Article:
JEFFERSON CITY, Mo. (AP) — When Demetrius White recently lost his job as a $10-an-hour forklift driver loading pallets of shampoo, he applied for unemployment benefits to help support his family.
That aid will not last as long as it once did, because White is among the first group of people affected by a new Missouri law reducing the duration of jobless benefits. His $200-a-week checks will last no more than three months — just half as long as what has typically been available.
“That’s a dramatic change, really,” White said. “Thirteen weeks, I don’t know if I’ll be able to find a job.”
States traditionally have offered up to half a year of aid for the unemployed as they search for new jobs. But since the end of the Great Recession, eight states have reduced the number of weeks that people can draw benefits, while others have cut the amount of money the unemployed can collect.
The cutbacks generally are intended to help shore up unemployment insurance trust funds, which went insolvent in 35 states following the recession that began in 2008. The changes could save hundreds of millions of dollars for businesses that pay unemployment taxes.
President Barack Obama is pushing in the opposite direction. The White House warns that states are engaging in a “damaging erosion” of unemployment benefits. Obama’s budget plan would require all states to provide at least 26 weeks of benefits while expanding coverage to more part-time and intermittent workers.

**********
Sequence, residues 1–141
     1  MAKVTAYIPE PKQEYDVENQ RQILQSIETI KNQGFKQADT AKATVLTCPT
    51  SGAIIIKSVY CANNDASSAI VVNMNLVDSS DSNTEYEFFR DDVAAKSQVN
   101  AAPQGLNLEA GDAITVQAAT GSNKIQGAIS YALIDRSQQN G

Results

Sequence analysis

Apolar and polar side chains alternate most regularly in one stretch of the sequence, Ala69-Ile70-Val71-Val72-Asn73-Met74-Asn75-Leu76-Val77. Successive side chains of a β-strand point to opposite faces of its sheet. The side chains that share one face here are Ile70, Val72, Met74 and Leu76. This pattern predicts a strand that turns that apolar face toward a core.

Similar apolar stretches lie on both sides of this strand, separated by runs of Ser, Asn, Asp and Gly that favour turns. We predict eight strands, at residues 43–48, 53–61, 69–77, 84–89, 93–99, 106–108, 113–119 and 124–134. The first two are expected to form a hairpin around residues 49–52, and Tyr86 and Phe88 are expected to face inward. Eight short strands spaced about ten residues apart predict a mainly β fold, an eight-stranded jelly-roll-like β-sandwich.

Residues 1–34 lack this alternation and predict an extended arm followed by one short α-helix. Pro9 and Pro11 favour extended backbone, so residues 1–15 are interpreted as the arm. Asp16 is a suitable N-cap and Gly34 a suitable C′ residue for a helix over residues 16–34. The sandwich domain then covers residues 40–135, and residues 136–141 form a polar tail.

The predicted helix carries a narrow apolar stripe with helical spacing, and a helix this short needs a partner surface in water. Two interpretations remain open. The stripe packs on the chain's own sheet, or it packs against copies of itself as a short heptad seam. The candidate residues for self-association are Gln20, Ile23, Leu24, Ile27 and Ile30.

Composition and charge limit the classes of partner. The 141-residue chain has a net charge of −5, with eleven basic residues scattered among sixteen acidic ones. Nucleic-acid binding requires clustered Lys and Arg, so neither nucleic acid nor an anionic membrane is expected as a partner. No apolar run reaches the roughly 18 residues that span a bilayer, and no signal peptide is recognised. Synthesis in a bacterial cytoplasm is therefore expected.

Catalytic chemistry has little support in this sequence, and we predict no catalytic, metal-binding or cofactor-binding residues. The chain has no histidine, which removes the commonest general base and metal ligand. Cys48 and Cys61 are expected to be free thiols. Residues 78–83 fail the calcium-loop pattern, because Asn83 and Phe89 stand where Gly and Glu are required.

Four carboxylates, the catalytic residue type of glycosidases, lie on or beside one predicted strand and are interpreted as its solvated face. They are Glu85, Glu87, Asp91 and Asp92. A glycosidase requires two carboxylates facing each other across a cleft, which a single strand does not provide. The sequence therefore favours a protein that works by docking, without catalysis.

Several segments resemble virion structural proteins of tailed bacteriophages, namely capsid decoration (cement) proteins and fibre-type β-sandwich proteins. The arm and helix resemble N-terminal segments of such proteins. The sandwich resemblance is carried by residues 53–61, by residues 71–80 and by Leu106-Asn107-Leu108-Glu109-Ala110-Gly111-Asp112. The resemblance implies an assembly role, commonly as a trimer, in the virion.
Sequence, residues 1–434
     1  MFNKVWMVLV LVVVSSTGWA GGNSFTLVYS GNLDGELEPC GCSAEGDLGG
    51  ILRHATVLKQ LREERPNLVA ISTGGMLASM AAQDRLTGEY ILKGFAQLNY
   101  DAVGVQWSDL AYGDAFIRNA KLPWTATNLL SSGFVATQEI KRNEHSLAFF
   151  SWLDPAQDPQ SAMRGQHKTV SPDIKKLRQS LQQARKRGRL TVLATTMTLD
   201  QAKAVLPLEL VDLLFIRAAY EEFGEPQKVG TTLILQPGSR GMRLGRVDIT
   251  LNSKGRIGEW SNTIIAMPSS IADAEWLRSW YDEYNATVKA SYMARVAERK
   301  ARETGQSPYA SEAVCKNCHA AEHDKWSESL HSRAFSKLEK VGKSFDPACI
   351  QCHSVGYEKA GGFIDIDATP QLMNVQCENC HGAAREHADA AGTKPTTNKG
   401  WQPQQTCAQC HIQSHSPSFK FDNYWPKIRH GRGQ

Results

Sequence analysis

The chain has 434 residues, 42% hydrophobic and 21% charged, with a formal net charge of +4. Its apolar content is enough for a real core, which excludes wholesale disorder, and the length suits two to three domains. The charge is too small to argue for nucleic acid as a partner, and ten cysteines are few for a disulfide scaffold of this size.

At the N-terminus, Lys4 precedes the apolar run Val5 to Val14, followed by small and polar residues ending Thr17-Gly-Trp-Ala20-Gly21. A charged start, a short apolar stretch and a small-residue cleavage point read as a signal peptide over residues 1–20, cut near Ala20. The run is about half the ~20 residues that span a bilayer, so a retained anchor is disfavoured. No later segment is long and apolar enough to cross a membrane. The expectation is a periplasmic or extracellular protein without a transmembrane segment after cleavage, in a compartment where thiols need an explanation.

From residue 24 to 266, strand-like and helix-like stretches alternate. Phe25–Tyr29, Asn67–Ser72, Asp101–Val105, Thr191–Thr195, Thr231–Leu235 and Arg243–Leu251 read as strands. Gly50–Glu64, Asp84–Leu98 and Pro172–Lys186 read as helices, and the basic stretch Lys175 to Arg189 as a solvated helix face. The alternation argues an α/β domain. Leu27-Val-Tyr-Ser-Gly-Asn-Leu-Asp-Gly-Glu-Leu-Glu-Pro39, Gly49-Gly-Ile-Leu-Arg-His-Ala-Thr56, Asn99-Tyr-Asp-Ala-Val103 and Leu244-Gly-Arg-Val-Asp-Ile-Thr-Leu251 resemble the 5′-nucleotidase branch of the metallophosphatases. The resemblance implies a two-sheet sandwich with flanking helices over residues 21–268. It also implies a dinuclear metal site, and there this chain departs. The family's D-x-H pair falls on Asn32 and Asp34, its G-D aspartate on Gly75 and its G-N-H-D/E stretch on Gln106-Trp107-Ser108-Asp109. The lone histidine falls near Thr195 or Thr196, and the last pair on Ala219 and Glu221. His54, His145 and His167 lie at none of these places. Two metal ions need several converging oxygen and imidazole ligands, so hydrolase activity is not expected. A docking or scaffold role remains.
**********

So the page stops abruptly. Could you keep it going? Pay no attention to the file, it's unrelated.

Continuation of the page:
The Republican-led Congress appears unlikely to approve the president’s plan during an election year. GOP governors and state lawmakers initiated many of the recent cutbacks to unemployment benefits. And they point to declining unemployment rates as evidence that jobs are getting easier to find.
“When there’s more jobs available, it’s kind of common sense — you shouldn’t need as long as a duration of unemployment benefits,” said Missouri Senate Majority Leader Mike Kehoe, a Republican who handled the legislation reducing benefits.
The 1935 Social Security Act prompted states to enact unemployment programs, which typically pay people about half the amount of their previous paychecks. In 1938, more than four-fifths of the states offered benefits for 16 weeks or less. But all states gradually increased their benefits to at least 26 weeks. South Carolina was the last to do so in 1968.
In 2011, Missouri became one of the first states to reverse course by cutting that to 20 weeks. Last year, the GOP-led Legislature overrode a veto by Democratic Gov. Jay Nixon to further shorten the benefits, linking their duration to the state’s unemployment rate. Because unemployment is below 6 percent, people can get no more than 13 weeks of benefits.
The new limit went into effect in January, even though a legal challenge brought by attorneys for the AFL-CIO is now before the Missouri Supreme Court. The lawsuit seeks to block the new law because of an alleged procedural violation by senators.
For some unemployed workers, the new state laws have added another layer of anxiety to an already unsettling situation.